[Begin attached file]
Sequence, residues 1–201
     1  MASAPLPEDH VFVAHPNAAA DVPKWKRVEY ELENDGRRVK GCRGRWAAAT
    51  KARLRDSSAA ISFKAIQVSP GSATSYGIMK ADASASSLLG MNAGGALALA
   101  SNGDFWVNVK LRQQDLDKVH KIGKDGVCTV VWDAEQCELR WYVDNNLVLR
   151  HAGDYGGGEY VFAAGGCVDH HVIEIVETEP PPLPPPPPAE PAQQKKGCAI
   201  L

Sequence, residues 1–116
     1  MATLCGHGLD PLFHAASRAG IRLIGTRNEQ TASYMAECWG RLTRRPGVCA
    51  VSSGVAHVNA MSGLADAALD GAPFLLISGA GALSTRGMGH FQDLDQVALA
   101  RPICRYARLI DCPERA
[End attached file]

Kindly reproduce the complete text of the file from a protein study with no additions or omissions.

Sequence, residues 1–201
     1  MASAPLPEDH VFVAHPNAAA DVPKWKRVEY ELENDGRRVK GCRGRWAAAT
    51  KARLRDSSAA ISFKAIQVSP GSATSYGIMK ADASASSLLG MNAGGALALA
   101  SNGDFWVNVK LRQQDLDKVH KIGKDGVCTV VWDAEQCELR WYVDNNLVLR
   151  HAGDYGGGEY VFAAGGCVDH HVIEIVETEP PPLPPPPPAE PAQQKKGCAI
   201  L

Sequence, residues 1–116
     1  MATLCGHGLD PLFHAASRAG IRLIGTRNEQ TASYMAECWG RLTRRPGVCA
    51  VSSGVAHVNA MSGLADAALD GAPFLLISGA GALSTRGMGH FQDLDQVALA
   101  RPICRYARLI DCPERA